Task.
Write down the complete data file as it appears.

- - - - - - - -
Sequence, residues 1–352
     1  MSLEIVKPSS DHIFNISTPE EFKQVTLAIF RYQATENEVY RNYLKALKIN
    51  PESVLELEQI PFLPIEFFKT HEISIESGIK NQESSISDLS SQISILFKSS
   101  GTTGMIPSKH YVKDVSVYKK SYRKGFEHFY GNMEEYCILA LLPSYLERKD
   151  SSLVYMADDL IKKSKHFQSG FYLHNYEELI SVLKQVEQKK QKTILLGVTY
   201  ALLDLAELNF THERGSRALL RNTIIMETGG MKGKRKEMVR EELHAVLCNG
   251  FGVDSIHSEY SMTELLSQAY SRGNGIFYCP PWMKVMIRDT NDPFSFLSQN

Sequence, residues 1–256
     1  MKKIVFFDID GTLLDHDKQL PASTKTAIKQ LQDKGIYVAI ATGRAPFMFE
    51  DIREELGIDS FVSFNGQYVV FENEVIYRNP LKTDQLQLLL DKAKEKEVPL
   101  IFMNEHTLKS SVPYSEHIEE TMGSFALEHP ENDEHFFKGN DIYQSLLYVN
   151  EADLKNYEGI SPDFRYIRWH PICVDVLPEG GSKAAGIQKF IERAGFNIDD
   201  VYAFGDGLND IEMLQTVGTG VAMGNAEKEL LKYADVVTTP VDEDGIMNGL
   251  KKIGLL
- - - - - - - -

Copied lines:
Sequence, residues 1–352
     1  MSLEIVKPSS DHIFNISTPE EFKQVTLAIF RYQATENEVY RNYLKALKIN
    51  PESVLELEQI PFLPIEFFKT HEISIESGIK NQESSISDLS SQISILFKSS
   101  GTTGMIPSKH YVKDVSVYKK SYRKGFEHFY GNMEEYCILA LLPSYLERKD
   151  SSLVYMADDL IKKSKHFQSG FYLHNYEELI SVLKQVEQKK QKTILLGVTY
   201  ALLDLAELNF THERGSRALL RNTIIMETGG MKGKRKEMVR EELHAVLCNG
   251  FGVDSIHSEY SMTELLSQAY SRGNGIFYCP PWMKVMIRDT NDPFSFLSQN

Sequence, residues 1–256
     1  MKKIVFFDID GTLLDHDKQL PASTKTAIKQ LQDKGIYVAI ATGRAPFMFE
    51  DIREELGIDS FVSFNGQYVV FENEVIYRNP LKTDQLQLLL DKAKEKEVPL
   101  IFMNEHTLKS SVPYSEHIEE TMGSFALEHP ENDEHFFKGN DIYQSLLYVN
   151  EADLKNYEGI SPDFRYIRWH PICVDVLPEG GSKAAGIQKF IERAGFNIDD
   201  VYAFGDGLND IEMLQTVGTG VAMGNAEKEL LKYADVVTTP VDEDGIMNGL
   251  KKIGLL